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Microsoft research highlights vulnerabilities in ChatGPT models

In a study titled "DecodingTrust: A Comprehensive Assessment of Trustworthiness in GPT Models," researchers from the University of Illinois Urbana-Champaign, Stanford University, University of California, Berkeley, Center for AI Safety, and Microsoft Research have delved deep into the trustworthiness of generative pre-trained transformer (GPT) models. The paper, which garnered attention as an oral presentation at NeurIPS 2023, puts the spotlight on GPT-4 and GPT-3.5 models.

The comprehensive assessment encompassed a broad spectrum of perspectives, including toxicity, stereotype bias, adversarial robustness, out-of-distribution robustness, privacy, machine ethics, and fairness. The team's findings revealed previously unknown vulnerabilities in the trustworthiness of these models. Notably, they found that GPT models can be misled to produce toxic and biased outputs and can inadvertently divulge private data from training and conversation history. Interestingly, while GPT-4 often outperforms GPT-3.5 in standard benchmarks, it is more susceptible to maliciously crafted prompts aimed at circumventing the security features of these language models.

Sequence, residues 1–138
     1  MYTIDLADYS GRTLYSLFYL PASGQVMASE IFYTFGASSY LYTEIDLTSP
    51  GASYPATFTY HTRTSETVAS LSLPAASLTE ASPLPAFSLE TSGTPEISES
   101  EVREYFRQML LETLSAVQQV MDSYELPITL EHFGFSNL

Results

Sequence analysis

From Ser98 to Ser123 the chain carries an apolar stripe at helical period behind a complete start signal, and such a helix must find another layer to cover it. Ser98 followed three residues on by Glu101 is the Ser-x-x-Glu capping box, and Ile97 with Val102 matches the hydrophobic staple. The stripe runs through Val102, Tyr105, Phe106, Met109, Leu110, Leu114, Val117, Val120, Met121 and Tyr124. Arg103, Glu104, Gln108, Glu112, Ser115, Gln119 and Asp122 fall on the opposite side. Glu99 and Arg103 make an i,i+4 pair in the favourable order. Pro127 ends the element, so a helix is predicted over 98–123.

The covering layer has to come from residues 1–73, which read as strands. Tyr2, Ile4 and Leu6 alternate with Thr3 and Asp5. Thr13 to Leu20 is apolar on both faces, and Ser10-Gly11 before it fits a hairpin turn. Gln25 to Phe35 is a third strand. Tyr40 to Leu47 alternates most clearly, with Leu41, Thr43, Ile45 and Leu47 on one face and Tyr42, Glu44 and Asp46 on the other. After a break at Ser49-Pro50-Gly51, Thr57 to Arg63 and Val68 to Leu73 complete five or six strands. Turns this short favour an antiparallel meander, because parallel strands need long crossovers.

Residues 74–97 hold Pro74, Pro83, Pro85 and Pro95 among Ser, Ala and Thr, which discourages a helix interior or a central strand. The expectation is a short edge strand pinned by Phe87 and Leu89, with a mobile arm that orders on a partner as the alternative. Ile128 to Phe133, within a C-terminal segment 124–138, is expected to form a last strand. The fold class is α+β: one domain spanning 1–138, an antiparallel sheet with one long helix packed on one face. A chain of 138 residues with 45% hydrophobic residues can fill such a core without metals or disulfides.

The researchers observed, "Although GPT-4 is usually more trustworthy than GPT-3.5 on standard benchmarks, GPT-4 is more vulnerable given jailbreaking system or user prompts, which are maliciously designed to bypass the security measures of LLMs, potentially because GPT-4 follows (misleading) instructions more precisely."

A pivotal revelation from the research was the benchmarking system the team established, which they have made publicly accessible. They hope this will bolster further research in the field and preempt the potential exploitation of vulnerabilities by malicious actors.

The team's collaboration with Microsoft product groups confirmed that the vulnerabilities identified do not pose risks to current customer-centric services. This assurance stems from the fact that AI applications undergo rigorous mitigation procedures to counteract potential harm that could arise at the model level. The researchers have also liaised with OpenAI, GPT's developer, which has acknowledged the potential vulnerabilities in its system cards for pertinent models.

The broader aim, as expressed by the researchers, is to "encourage others in the research community to utilise and build upon this work, potentially pre-empting nefarious actions by adversaries who would exploit vulnerabilities to cause harm."

The research also underscores the significant progress in machine learning, particularly in large language models that have found applications in diverse fields, from chatbots to robotics. The focus on trustworthiness is of paramount importance, especially as GPT models are being considered for sensitive sectors like healthcare and finance.

In their conclusion, the researchers emphasised the imperative of continuing this work. They stated, "This trustworthiness assessment is only a starting point, and we hope to work together with others to build on its findings and create powerful and more trustworthy models going forward."

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